The Kazakh horses are traditionally an ancient breed originally bred in that region and are exceptionally hardy and competent to withstand extreme climatic conditions. Kokpar (known in a variety of names or simply as “catch-as-catch can”) of the Central Asian countries is one of the games fostered not only out of necessity – but also for recreation as well. The game, which probably owes it origins to the period of reign of the Macedonian king Alexander the Great (B: 356 BC – D: 323 BC) or Genghis Khan (B: 1162 – D: 1227) of the Mongol Empire, or to the Turkic-Mongol people, is part of the contests devised to provide, in times of peace, excitement as well as to retain fitness, readiness and skill of horse and horsemen for sudden deployment in unexpected wars. Such activities also aided to counter their boredom resulting from specific exercise in one place.
Specialization in such games enabled the noblest horse and its valiant rider to attain mutual equilibrium as one unit – as can be visualised in the artistic depiction of half-man and half-horse – the fabulous centaur of Greek mythology – the fusion where man dominates mentally and dictates the strategies taking advantage of the obedience, physical strength and exceptional memory of the horse – a feat attained from the animal owing to kind and patient training.
Whereas, in the mounted folk game of Kokpar, known in Afghanistan as Buzkashi (buz, a goat and kashidan, to pull) (Mongolian baz-kiri), the goat (or calf) carcass is the objective for the contesting buzkashi riders (chapandazan) who to carry it off to a “goal”.
The 51-year old artist Atabekov has captured the vibes and thrill of Kokpar by actually riding amidst the two teams of powerful masculine participants on powerful horses – his camera mopping up their emotions, vanity, endurance and the intensity of their action in all its complexity.
The mayhem of lurching, rearing, bumping, kicking, biting, leering, cursing in the midst of dust, noise and sweat as it happens when they engage in grapple from each other in fierce competitive spirit, sometimes (unintentionally!) hitting out at the opponents (not at their horses) with their camchin (buzkashi whip with wooden handle). In his relentless effort, the artist has endeavoured to draw attention of the viewer to the game and spirit of Kokpar and the national sport of Kazakhstan.
Back to you…soon. Jo
The concluding instalment of this two-part serial will follow.
- The horse in the title header is one of those stationed by the Colosseum of Roma, Italy
- My thanks are particularly due to Karen Fernandez, Andakulova Gallery, Dubai for her interest and the pictures and in-put on the artist.
(© Joseph Sébastine/Manningtree Archive)
Fascinating post! Amazing post!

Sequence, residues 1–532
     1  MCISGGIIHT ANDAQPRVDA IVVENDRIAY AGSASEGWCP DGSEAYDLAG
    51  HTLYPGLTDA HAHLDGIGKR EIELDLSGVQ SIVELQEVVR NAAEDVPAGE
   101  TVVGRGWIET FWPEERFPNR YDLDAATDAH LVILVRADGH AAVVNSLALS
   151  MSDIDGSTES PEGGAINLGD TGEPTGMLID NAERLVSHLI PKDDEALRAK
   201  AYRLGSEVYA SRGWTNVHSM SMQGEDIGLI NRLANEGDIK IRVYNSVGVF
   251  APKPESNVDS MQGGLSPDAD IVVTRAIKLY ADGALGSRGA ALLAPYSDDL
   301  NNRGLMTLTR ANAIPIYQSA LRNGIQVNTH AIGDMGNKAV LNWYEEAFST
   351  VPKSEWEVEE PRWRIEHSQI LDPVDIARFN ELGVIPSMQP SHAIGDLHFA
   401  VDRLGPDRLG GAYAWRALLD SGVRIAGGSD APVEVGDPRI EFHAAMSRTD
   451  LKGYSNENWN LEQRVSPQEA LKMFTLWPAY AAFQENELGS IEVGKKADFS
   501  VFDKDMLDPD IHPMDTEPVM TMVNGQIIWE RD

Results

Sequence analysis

Thank you. Much appreciated.
My husband and I are sitting in Starbucks and reading your post over coffee! What a great way to begin our week. Extraordinary photography. Thank you for your meticulous detail. Have a great week.
Thank you. Nice to see you here and your comments. A great week to you and to your husband.
Those are some amazing photos! I do love the connection between people and their horses, although I admit I would rather watch a horse race than kokpar match. But your images did create the intensity of the game and the riding skill that it must require. Thanks for sharing this!
Thank you, Ann. You are welcome.
A fascinating history lesson… Thanks! 🙂
Thank you, Bette. 🙂
My, my, Jo; what a thrilling ride you gave your reader!
We humans have certainly devised some unusual forms of entertainment; the game of kokpar being a case in point. Horses, being the exceptionally intelligent animal they are, allow for so much diversity in the way we interact with them.
I am very fortunate to live in a semi rural area, Jo, where I can see these beautiful creatures often…
Thank you, Carolyn. How lucky you are to have the chance to often watch them.
Hi Jo; just thinking of you… 🙂
Fine, Thank you, Carolyn. I hope your trip went well and was productive.
The second part of this post was to be spruced up with data from a personal visit to Dubai which I was unable to make due to unexpected engagements. So I think I will drop it and go for a fresh subject – frankly, I don’t know when. Thanks once again for writing. Jo
So good to hear from you, Jo.. 🙂
We are leaving on our trip next Wednesday 14th. We are both looking forward to it very much. I’m sure I’ll have lots to write about when we return!
I’ll also be looking forward to your next post, Jo. It doesn’t really matter the content; your posts are always interesting and welcome… 🙂
Thank you, Carolyn. Best wishes for your trip. Your kind words means a lot. Jo 🙂
Brilliant post. I know horses and Dubai and you taught me new things. Thanks.
Thank you. Glad to see you here. 🙂
The horse such a noble animal, and the many uses he gets, used for laboring, in all kinds of works, sports, traveling, and so may other activities, thank you for calling attention to Kokpar. 🙂
Learned so much about racing horses here. thank you 🙂
Thank you. Horses are truly an interesting subject to me.
Thank you. You have a great site full of fascinating read. Glad that I came across it. 🙂
Hi Joe! Thinking of you and hoping all is well…
Much Love to You… 🙂
Carolyn, Thank you very much for asking – Yes. A bit occupied with personal matters. 🙂 I hope to be back soon. xox
Very interesting. 🙂
Thank you, Sarah 🙂